Hurun Research Institute last week released the GroupM Knowledge-Hurun Wealth Report 2013 that analyses China’s wealthy people broken down according to their regional distribution across China, as well as their investment, consumption preferences, and how they use the media.
This report will help marketers to better understand the lifestyle of China’s wealthy population and to communicate and engage with them more effectively.
The number of millionaires grew (defined as individuals with personal wealth of CNY 10 million, equivalent to US$1.6 million and GBP 1 million) by 3% in 2012 to 1.05 million, while the number of the super-rich (defined as individuals with personal wealth of CNY 100 million, equivalent to US$16 million and GBP 10 million) reached 64,500, up 2% from the previous year. The growth, the slowest one in five years, has decelerated for the second consecutive year.
As of the end of 2012, in all the 31 autonomous regions, cities and provinces excluding Hong Kong, Macau and Taiwan, the number of millionaires has increased by 30,000 from last year to 1.05 million, while the number of the super-rich has increased by 1,000 to 64,500 – an increase of 3% and 2% respectively. The growth, the slowest one in five years, has decelerated for the second consecutive year. At present, one out of every 1,300 people in China is a millionaire, and one out of every 20,000 people in China belongs to the super-rich class.
Beijing remains in the first place, followed by Guangdong and Shanghai. Tianjin saw the fastest growth rate in the country, while Zhejiang Province and Inner Mongolia dropped the most.
Beijing remains in the first place with an increase of 5,000 to 184,000 millionaires, and with an increase of 200 to 10,700 super rich. Guangdong ranks the second with 172,000 millionaires and 9,600 super rich. It is followed by Shanghai with 147,000 millionaires and 8,500 super rich. Tianjin rose to the tenth place, with 19,000 millionaires, up 11% from the previous year, as well as 1,400 super rich, up 12% from the previous year – the fastest increase in all the cities. Other fast-growing provinces include Shandong, Henan, Yunan, Guizhou, Qinghai and Tibet. About 60% of China’s wealthy population are located in the second and third tier cities such as Hangzhou, Ningbo and Foshan where the number of millionaires exceed 20,000. The research indicates that, although the number of China’s millionaires is growing generally, the number of some areas decreased slightly among which Zhejiang Province and Inner Mongolia dropped the most.
A quarter of millionaires say they are very confident about China’s economy in the coming two years, a decline of 3% from the previous year. The confidence level of the year before was 54%. 66% of the millionaires say they are fairly confident – a 2 percentage point increases from a year earlier, while 9% of millionaires say they are not confident – a 2 percentage point increase from a year earlier and this is the highest one in last three years.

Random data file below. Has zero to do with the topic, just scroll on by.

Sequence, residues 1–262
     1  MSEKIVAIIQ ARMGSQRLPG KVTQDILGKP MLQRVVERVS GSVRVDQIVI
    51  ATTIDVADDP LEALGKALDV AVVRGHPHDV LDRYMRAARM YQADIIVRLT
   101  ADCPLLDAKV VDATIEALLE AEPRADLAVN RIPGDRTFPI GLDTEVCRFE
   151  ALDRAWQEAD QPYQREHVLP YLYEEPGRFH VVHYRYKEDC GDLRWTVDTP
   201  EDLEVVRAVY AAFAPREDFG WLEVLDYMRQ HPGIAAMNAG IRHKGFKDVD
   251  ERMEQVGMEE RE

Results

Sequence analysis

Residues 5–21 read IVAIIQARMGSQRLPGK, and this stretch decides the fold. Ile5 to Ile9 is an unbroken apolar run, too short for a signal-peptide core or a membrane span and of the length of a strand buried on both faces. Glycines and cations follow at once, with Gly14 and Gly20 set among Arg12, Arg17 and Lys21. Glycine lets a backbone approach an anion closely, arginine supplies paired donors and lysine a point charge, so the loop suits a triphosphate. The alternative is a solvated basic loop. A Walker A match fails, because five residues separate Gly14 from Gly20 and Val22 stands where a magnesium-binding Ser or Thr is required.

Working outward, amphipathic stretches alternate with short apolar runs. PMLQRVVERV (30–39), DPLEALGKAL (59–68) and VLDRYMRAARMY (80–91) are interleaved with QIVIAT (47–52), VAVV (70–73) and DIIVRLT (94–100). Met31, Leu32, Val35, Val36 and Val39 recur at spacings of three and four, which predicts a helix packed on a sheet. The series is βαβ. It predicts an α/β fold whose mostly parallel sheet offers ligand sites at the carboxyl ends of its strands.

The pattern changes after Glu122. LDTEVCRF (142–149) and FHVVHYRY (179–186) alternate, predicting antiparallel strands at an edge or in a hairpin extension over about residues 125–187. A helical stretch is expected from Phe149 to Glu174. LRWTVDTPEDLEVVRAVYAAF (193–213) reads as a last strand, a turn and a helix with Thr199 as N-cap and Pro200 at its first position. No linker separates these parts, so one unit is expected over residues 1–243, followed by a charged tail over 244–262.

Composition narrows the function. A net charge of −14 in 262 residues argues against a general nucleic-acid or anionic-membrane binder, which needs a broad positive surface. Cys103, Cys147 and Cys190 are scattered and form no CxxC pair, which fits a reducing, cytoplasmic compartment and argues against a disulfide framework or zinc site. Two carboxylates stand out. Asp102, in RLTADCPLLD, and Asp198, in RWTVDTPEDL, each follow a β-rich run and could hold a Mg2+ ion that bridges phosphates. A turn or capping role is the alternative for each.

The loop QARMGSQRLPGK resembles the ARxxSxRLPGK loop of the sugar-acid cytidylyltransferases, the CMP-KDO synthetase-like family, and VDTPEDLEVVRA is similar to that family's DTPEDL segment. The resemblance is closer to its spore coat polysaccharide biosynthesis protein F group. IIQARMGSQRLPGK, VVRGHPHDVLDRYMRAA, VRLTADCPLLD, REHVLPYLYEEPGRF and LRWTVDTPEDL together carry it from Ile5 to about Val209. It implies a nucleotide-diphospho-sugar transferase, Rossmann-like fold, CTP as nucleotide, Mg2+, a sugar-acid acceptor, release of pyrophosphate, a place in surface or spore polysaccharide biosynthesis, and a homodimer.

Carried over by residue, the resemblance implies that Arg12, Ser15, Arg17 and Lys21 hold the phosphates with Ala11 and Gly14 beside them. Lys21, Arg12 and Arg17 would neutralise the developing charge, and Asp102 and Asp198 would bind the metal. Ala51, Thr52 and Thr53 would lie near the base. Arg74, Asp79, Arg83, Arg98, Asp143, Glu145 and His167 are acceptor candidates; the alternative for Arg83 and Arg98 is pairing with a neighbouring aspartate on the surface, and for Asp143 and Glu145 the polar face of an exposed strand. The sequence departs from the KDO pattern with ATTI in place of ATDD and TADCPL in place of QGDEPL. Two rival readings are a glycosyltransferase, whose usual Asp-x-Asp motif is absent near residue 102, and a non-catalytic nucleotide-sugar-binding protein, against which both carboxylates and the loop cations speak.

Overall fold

The Hurun Millionaires’ Happiness Index has reached 7.8 out of 10. What millionaires want most of all is to have good health. A quarter are dissatisfied with their state of health.
73% of millionaires think they are happier than the previous generation; the happiness they get from their family is greater than that from their jobs; female millionaires’ happiness index has reached 8, slightly higher than that for men; the under 30s’ sense of happiness is notably lower than that of older people, particularly where their work is concerned.
Other interesting findings include:
There are currently 8,100 Renminbi billionaires and 280 individuals with personal assets of 10 billion RMB in China.
China’s millionaires fall into four categories: private business owners, stock market gurus, property speculators and high-salaried executives, in which the number of stock market guru dropped by 5% from the previous year, and the number of high-salaried executives grew by 5% from the previous year. The Chinese super-rich fall into three categories: private business owners, stock market gurus, and property speculators.
Real estate remains the first choice when it comes to personal investment in spite of the macro-adjustment measures, accounting for 64% of all investments. However, a certain proportion of Chinese millionaires also start seeking new investment opportunities.
The wealthy population spent 3% of their average wealth of 59 million RMB last year. A great 3% of their spending went to travel. Wealthy people are also more and more interested in seeking out unique travel experiences, and exotic destinations such as Africa or the polar areas are gaining popularity
On average, millionaires and the super-rich are away on business trips for fewer days a month than last year, a slight reduction of half a day and 3 days respectively. On average, millionaires leave China 2.8 times a year, down from 3 times last year and the super-rich leave China 3.4 times a year, down from 4.2 times last year.
Following the craze for studying abroad, there is now also an increasingly clear tendency to purchase overseas property. The U.S. is the top destination for overseas property purchase.
About 80% of wealthy people now use WeChat than using microblogs (70%), most of whom use it primarily for interacting with their friends.\
Original Article: http://www.chinainternetwatch.com/3206/hurun-wealth-report-2013/?utm_source=feedburner&utm_medium=feed&utm_campaign=ciw_blog_posts